I have something to tell you. A little secret, of sorts—shhh, don’t tell anyone at Michelin or the food snob at your local supper club. It’s something that’s happened slowly but surely over the last ten or fifteen years. Ready for it?
Here it is: we are past the day in age where the best food is only served on big white plates in chic boutique eateries.
It’s true. Somewhere, the food editor at your local corporate-owned paper is twitching uncontrollably.
Don’t get me wrong. I concede that amazing food still gets plated at upscale brick-and-mortar joints (obviously—it’s the norm). But it’s not the be-all-end-all anymore. As a food culture, we’re embracing the mobile food movement, the strip mall gourmand, a rougher-around-the-edges approach to food.
And kudos to us. Because today, some of the best food in the world comes dished up on paper plates from a food truck or boxed up in to-go containers at a small hole-in-the-wall in a food court.
Korean BBQ & More is one of these holes in the wall. It’s tucked into a typical strip mall on West Tennessee and it’s not big—blink and you might miss it. But what it lacks in size and panache it makes up for tenfold in friendliness and foodie points—and damn tasty food. Authentic, delicious Korean food.
Right in the door, there are a few four-tops and a buffet of banchan (side dishes)—things like savory seaweed and spicy-sour soups, fermented bean sprouts, the ubiquitous kimchi. Oh, the kimchi. I often make it through at least two bowls of the stuff before my main meal arrives. I mean come on, the stuff’s a freaking superfood: it’s packed with antioxidants, lactobacilli probiotics, A, B and C vitamins—you know, the things that keep us from, like, dying.
But side dishes do not a meal make (although you’d be hard pressed to find a meal served in Korea without kimchi).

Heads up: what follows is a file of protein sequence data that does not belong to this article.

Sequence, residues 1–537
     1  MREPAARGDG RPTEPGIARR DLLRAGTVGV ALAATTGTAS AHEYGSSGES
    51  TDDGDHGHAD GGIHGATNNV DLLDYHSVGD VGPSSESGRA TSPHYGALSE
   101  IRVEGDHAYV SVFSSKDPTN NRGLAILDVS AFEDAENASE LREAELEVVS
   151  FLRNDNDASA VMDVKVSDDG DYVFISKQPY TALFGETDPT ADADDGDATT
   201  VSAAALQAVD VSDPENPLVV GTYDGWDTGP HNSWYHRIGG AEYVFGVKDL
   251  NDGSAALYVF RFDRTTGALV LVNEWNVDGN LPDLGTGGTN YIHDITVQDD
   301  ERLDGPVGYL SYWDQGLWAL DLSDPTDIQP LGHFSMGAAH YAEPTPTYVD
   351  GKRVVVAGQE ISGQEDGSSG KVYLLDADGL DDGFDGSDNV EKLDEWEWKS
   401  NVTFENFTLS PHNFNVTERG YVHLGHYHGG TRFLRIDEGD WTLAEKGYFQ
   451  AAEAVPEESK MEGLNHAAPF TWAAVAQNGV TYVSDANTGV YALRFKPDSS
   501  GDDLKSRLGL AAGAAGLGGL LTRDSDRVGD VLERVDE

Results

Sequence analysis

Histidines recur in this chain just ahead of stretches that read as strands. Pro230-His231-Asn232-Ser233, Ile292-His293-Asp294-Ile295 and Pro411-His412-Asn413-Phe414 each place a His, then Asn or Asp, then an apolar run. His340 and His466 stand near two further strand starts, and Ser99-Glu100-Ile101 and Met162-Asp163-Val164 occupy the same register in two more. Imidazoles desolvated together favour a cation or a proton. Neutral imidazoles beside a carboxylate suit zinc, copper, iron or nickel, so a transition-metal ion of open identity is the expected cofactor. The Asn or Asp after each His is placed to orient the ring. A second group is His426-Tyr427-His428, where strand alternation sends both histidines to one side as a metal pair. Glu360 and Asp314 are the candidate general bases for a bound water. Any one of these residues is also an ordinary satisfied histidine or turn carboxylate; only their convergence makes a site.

No, the star of the show is the steaming food that emerges from the kitchen. Beef and pork bulgogi, marinated in a sweet and savory sauce, grilled with scallions and sesame oil and served with divinely prepared sticky rice. Japchae, translucent shimmering noodles made from sweet potato starch with thinly shaved vegetables and beef (read: FUN to eat). Yukgaejang, a beef noodle soup with a delicate, savory broth with chili oil that creates warmth the whole time you’re slurping it down. And the bibimbap—slivered vegetables, beef, and a sunny side up egg over a healthy bowl of rice to be stirred just before eating—is a canvas of beautiful colors and smells and flavors. This is food for food lovers, and in Tallahassee you’ll be hard pressed to find a place that packs this hard a punch.
The only caveat? The hours, which are a little wonky: 4 pm to 8 pm, Tuesday through Saturday. It took me a few times of pulling into the parking lot to satisfy a Monday bulgogi craving to figure it out.
Here’s the thing. Korean food is about diversity, juxtaposition, balance. It’s the way that sweet interacts with salty, the interplay between spicy and sour, the way the tastes all dance together in your mouth. It’s the visual appeal of the food, the beauty of color coordination and simplicity. It’s also about treating good food as the best medicine, something that can keep sickness at bay and keep the mind and soul cheerful. Korean culture understands that eating well is living well, and these ideas are all at play inside the small haven of good eating.
When I walk through Korean BBQ’s door, I understand on an instinctive level that I’m in one of the best places to eat in town. It’s not just the savory smell of pork and beef grilling, or the pungent waft of kimchi, or the free barley tea and sweet malt rice drink. It’s not even the understated pride of the staff as they take my order or bring my grilled beef barbecue in an plain to-go container. It’s all of these things—and a quiet, radiant energy that everyone is attuned to.
Well, that—and every bite of everything in this place is an absolute piece of paradise.
Korean BBQ & More
2624 W Tennessee St Tallahassee, FL 32304